Friday, February 27, 2009
San Francisco Chicken
The sauce is simple, but perfect just as it is. Don’t think something that easy could be so good? Give it a try. I found it years ago posted by MissEllie on the Taste of Home Recipe Board. I love that site!
4-6 Boneless chicken breasts
3 cloves garlic, minced
4 T. soy sauce
3 T. brown sugar
1 1/2 c. chicken broth
1 T. cornstarch
Lightly brown chicken breasts in a small amount of oil. Remove from pan and add garlic, soy sauce, brown sugar and 1 cup chicken broth. Stir to mix and return chicken to pan and cover. Simmer for a few minutes until the chicken is done (15-20 minutes). Remove chicken again and add remaining broth which has been mixed with cornstarch. Bring to a boil to thicken and return chicken to the pan, coating it well.
Okay, now for the next part of the post. Patti tagged me with an unusual tag. I didn’t make it up, really.
1) "Post a picture of whatever bag you are carrying as of late--inside and out. No, you cannot go up to your closet and pull out that cute little purse you used back before you had kids. I want to know what you carried today or the last time you left the house."
Inside I have my wallet (Robin had someone buy it in Italy for me), my cell phone case, 2 lip glosses and one lipstick, a couple of reciepts, a few dollar bills, one shopping list, and lots of change at the bottom of my purse, sprinkled with wedding confetti that Sabrina put in there months ago for safe keeping. (I guess it's been safe.)
2) " I want to know how much it cost:) And this is not to judge. This is for entertainment purposes only. So spill it. And if there is a story to go along with how you obtained it, I’d love to hear it."
I bought the purse a couple of years ago and I have no idea how much it cost, but I'm sure it wasn't much. I'm usually pretty frugal. There's no real story to it. Sorry!
3) "Tag some chicks. And link back to this post so people know why the heck you’re showing everyone your diaper bag/non-diaper bag."
Tara’s mom (who I’ve been told is a stalker and is always welcome to lurk here)
Thursday, February 26, 2009
My Stake President found an article online (which I couldn't find in my own search) that talked about several people who were supposed to be working in the World Trade Center on the morning of 9/11. Each of them had some kind of irritation or inconvenience that made them late. I can’t remember the reasons, but for example, one woman spilled food on her shirt and she had to change her clothes before she left. Another man missed a bus. Another one was waiting for a babysitter to come who was late. All these people thought these things were annoyances in their lives, but it is possible (of course we don't know) that they happened on purpose for a reason that wasn’t known to them, but was to our Heavenly Father. We should look at things in our lives in the same way. We should think, “This is exactly where the Lord wants me to be at this moment.”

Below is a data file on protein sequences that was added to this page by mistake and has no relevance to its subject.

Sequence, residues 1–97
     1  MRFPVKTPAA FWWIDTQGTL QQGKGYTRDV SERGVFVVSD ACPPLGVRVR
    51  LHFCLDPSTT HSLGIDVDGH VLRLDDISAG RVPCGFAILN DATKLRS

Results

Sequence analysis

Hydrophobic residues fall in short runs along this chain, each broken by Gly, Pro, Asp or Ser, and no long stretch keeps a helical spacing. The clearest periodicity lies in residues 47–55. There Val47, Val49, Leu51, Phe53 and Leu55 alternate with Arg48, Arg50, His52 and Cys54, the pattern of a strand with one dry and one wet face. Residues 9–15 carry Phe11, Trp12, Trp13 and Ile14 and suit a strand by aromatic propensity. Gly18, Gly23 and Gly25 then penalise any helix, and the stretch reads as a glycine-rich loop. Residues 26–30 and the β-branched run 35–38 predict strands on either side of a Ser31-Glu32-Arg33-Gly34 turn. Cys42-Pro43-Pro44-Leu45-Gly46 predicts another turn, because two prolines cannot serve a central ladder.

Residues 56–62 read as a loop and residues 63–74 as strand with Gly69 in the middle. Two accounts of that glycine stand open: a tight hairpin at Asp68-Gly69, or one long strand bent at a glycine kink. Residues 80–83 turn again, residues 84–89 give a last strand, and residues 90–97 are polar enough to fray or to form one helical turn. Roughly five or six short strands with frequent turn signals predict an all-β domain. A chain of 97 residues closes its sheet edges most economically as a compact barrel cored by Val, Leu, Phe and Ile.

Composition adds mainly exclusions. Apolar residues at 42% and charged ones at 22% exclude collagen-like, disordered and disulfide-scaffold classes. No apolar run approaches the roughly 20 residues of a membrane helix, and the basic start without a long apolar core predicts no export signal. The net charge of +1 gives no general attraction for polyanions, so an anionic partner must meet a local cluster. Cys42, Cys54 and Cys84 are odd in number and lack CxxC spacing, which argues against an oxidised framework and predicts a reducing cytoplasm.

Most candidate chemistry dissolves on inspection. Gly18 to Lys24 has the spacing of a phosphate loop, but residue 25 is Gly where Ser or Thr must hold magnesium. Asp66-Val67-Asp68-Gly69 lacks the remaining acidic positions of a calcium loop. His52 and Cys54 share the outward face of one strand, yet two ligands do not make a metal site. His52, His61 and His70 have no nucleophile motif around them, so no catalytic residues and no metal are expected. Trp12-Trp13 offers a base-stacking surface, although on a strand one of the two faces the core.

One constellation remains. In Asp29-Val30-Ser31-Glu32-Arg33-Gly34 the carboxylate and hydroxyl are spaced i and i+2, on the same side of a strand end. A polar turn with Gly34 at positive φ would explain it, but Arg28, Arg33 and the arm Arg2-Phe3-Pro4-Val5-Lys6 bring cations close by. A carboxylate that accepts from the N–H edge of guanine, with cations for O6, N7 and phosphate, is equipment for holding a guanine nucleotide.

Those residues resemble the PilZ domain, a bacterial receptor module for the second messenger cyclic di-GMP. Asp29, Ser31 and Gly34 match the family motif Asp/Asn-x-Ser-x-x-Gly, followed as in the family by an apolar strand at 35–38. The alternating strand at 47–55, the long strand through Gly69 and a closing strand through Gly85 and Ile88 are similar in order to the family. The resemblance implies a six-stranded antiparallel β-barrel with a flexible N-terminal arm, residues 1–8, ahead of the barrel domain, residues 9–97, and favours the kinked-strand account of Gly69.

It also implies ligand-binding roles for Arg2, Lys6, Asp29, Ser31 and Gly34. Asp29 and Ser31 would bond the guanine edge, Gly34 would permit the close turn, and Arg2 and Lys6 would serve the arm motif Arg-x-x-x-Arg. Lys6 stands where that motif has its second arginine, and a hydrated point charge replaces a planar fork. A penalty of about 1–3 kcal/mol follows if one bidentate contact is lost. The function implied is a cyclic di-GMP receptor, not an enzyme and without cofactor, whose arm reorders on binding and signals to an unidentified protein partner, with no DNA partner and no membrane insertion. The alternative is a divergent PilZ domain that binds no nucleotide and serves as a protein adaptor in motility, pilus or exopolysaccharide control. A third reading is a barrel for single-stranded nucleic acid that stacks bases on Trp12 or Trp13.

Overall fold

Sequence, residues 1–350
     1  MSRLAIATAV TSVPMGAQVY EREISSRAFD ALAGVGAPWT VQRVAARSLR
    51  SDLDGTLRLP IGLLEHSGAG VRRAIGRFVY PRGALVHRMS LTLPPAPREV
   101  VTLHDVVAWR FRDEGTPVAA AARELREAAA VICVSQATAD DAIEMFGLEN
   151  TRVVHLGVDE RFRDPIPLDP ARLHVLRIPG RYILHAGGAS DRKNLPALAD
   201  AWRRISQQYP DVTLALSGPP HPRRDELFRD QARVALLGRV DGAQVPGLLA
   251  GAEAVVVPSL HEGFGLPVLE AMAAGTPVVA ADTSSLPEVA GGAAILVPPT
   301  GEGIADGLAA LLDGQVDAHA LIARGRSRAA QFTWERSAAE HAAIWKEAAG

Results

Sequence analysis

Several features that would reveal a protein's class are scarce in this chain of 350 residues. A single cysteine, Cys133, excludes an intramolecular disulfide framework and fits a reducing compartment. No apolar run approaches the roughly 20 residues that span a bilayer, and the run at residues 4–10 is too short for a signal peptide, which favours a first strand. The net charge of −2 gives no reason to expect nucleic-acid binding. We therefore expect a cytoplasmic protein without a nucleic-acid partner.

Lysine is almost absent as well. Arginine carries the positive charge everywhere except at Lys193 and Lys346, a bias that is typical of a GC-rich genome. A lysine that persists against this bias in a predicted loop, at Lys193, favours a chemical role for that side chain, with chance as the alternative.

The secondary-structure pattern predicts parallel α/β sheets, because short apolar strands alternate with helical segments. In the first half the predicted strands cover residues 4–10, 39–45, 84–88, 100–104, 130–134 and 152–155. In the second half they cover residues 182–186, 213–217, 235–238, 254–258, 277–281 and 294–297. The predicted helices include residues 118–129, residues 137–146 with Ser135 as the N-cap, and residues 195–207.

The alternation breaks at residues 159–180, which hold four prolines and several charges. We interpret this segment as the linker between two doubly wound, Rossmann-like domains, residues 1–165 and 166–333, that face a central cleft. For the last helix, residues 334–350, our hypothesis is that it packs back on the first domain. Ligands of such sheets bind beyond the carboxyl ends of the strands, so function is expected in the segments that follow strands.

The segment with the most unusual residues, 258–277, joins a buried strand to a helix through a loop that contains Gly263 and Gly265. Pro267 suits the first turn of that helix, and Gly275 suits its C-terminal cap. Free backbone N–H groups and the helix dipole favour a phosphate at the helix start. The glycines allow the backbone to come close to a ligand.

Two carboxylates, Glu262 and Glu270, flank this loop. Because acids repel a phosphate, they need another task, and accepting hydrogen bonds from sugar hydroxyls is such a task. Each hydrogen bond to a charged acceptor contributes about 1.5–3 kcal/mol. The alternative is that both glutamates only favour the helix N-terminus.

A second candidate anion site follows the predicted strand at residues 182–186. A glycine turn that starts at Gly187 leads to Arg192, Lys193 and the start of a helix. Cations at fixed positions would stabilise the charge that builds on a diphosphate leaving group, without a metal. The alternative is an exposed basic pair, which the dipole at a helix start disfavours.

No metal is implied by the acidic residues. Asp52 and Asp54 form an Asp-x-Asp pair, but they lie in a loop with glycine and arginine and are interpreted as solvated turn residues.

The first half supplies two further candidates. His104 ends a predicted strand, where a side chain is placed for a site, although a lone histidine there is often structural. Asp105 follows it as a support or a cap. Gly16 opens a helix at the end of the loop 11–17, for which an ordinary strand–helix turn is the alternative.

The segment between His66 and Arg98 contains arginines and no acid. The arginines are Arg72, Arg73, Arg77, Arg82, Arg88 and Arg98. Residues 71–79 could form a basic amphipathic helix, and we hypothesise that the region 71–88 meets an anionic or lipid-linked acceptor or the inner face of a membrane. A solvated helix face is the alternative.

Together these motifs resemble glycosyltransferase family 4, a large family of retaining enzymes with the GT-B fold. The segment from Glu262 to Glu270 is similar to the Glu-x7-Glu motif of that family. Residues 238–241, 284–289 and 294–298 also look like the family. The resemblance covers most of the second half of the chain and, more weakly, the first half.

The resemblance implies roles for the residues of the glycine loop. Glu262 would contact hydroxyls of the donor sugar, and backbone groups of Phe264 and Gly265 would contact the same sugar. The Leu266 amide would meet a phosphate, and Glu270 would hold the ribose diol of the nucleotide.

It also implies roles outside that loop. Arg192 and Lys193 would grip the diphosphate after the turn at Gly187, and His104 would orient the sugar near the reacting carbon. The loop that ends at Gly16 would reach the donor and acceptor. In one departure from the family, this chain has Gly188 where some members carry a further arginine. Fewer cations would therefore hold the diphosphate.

“If God allows a trial to continue despite faith, prayers and blessings, then maybe God, who know you and what you need, may just be trying to use that trial to save you." Quote from my Stake President. Of course, that saving may not always be our physical lives, but our spiritual ones.
"Healing blessings come in many ways, each suited to our individual needs, as known to Him who loves us best. Sometimes a 'healing' cures our illness or lifts our burden. But sometimes we are 'healed' by being given strength or understanding or patience to bear the burdens placed upon us." Dallin H. Oaks, "He Heals the Heavy Laden," Ensign, Nov. 2006, 7-8
Then he read this poem which he found online. I can't find an author so if anyone knows, please let me know.
I asked God to take away my habit. God said, No.
It is not for me to take away, but for you to give it up.
I asked God to make my handicapped child whole.
God said, No. His spirit is whole, his body is only temporary
I asked God to grant me patience.
God said, No. Patience is a byproduct of tribulations; it isn't granted, it is learned.
I asked God to give me happiness.
God said, No. I give you blessings; Happiness is up to you.
I asked God to spare me pain.
God said, No. Suffering draws you apart from worldly cares and brings you closer to me.
I asked God to make my spirit grow.
God said, No. You must grow on your own! But I will prune you to make you fruitful.
I asked God for all things that I might enjoy life.
God said, No. I will give you life, so that you may enjoy all things.
I ask God to help me LOVE others, as much as He loves me.
God said...Ahhhh, finally you have the idea.
Wednesday, February 25, 2009
I was disappointed because I was planning to make this, but only had time to go to one grocery store before dinner and I couldn’t find any chicken sausage. I don’t like pork, but really wanted to try this recipe so I bought pork sausage. I halved the recipe and didn’t cook the spinach much. We liked it even with the pork and I will make it again, but hopefully with chicken sausage. I found this recipe at Picky Palate .
2 t. extra virgin olive oil
1 large onion, diced
3 cloves garlic, minced
4 c. fresh baby spinach, coarsely chopped
1 lb. ground chicken sausage
½ t. salt
1 (26-oz.) can fire-roasted tomatoes
1 (15-oz.) can fire-roasted tomatoes
8 leaves fresh basil, chopped
1 lb. dry rigatoni noodles
2 c. mozzarella cheese, shredded
Preheat oven to 350°. Heat oil into a large skillet over medium heat. Sauté onion for 5 minutes or until softened. Stir in garlic and cook for 1 minute. Stir in spinach and cook until wilted down. Add chicken sausage and salt; cook until cooked through.
Place both cans of tomatoes into a food processor and process until nearly smooth. Add to skillet along with fresh basil. Reduce heat to low and simmer.
Cook rigatoni according to packaging directions. Drain and transfer to sauce. Transfer to a 9x13 inch baking dish and sprinkle with shredded cheese. Bake for 20-25 minutes or until cheese is melted.